Coca-Cola dropped 3 5/16 to 65 after it said Chairman and CEO Douglas Ivester, 52, plans to retire in April 2000 after the annual meeting. The company said Douglas Daft was elected president and COO at a special meeting yesterday, and would succeed Ivester as chairman and CEO.

Ivester took the reins of the Atlanta-based company two years ago. During that time, a contamination scare in Europe last summer prompted a massive product recall, and proved to be the worst tainted-product episode in Coke's history.

Daft, 56, has been at Coca-Cola since 1969. For much of his career, he served in planning, marketing and operations positions in Asia.

Mergers, acquisitions and joint ventures


(ALV) - Get Autoliv Inc. Report

was unchanged at 30 after it said it bought Japanese steering-wheel maker


and that the acquisition would have a small positive impact on earnings.

BEA Systems


bounced up 9 1/16, or 7.9%, to 124 1/2 after it formed a strategic alliance with



where IXL will use BEA's suite of e-commerce transaction servers. Shares of IXL gained 1 1/16 to 39.

Credit Suisse First Boston

upped its rating on BEA to strong buy from buy.

Concord EFS


slipped 1/4 to 29 after it agreed to acquire

Card Payment Systems

, a reseller of payment processing services, for 6.2 million common shares. At Friday's closing price of $29, the transaction is valued at about $179.8 million.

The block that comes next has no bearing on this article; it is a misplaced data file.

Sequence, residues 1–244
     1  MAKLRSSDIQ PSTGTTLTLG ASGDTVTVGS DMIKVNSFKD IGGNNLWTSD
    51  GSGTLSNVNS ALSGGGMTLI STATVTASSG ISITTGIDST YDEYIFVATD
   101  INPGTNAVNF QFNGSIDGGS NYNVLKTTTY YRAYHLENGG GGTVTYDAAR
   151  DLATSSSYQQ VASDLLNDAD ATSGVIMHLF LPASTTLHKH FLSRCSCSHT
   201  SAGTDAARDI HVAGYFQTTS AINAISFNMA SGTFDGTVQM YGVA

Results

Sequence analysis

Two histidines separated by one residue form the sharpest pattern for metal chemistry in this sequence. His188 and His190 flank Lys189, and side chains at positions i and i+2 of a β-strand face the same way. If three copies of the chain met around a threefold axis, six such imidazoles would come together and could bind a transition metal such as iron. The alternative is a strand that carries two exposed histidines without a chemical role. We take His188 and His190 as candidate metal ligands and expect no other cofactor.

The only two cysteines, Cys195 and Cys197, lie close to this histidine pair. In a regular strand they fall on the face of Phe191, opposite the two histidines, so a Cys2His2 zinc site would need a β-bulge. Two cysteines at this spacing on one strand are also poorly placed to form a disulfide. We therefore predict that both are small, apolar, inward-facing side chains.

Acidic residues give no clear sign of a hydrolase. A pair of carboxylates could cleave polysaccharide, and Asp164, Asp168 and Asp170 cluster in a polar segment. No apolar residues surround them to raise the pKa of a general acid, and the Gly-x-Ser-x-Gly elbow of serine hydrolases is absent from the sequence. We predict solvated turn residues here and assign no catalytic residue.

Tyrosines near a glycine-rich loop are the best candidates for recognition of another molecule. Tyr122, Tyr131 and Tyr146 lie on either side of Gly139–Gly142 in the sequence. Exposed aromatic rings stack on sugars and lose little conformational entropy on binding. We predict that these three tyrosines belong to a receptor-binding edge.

(DELL) - Get Dell Technologies Inc Class C Report

fell 1/4 to 45 after it said it will install and support

Red Hat


Linux operating systems on all of its PowerEdge server models. Shares of Red Hat popped 19 1/8 , or 9.6%, to 219 1/4. The deal includes worldwide service and support to its Linux offerings, extending an agreement between the two companies.

Genome Therapeutics

(GENE) - Get Genetic Technologies Ltd. Report

inched up 3/8 , or 7.2%, to 5 9/16 after it said it expanded its fungal drug pact with



, which was lately falling 1 13/16, or 3.7%, to 47 3/4.



tacked on 1 1/8, or 66.7%, to 2 7/8 after it announced the completion of a deal that supplied

NEC Do Brasil

with TCSI's SolutionCore telecom application.

TeleWest Communications


sagged 3 1/4, or 6%, to 57 1/4 after it said it was in an early stage of merger talks with


, a British pay-television company.


(TSN) - Get Tyson Foods, Inc. Class A Report

fell 3/8 to 16 15/16 after saying it was unable to reach a definitive pact to sell its pork group to

Smithfield Foods


. Smithfield rose 5/16 to 25 3/8. Tyson said it doesn't expect the development to hurt its fiscal 2000 results and will continue to explore options related to its pork operations.



fell 1 1/4, or 6.9%, to 17 after it said it would sell

Ziff-Davis Publishing


Willis Stein

for $780 million. For additional coverage of the

Ziff-Davis sale, check out a separate story from the

joint newsroom.

Earnings/revenue reports and previews

Investors got stingy with

Cheap Tickets


after the company said a prolonged fare war in the airline industry will hurt its fourth quarter. Shares dropped 4 7/8, or 26.7%, to 13 3/8. The company said it sees fourth-quarter earnings at about 2 cents a share, compared with the year-ago loss of 3 cents a share. The current four-analyst estimate calls for earnings of 4 cents a share.



shed 20 3/4, or 61.9%, to 12 3/4 after it said it expects a decline in 2000 earnings and revenue because of a change in demand for two pharmaceutical ingredients under a 1997 supply agreement with

Glaxo Wellcome


. Chirex said revenue would decrease by $28 million for the year. Glaxo lost 1 1/8 to 58 13/16.


(ETR) - Get Entergy Corporation Report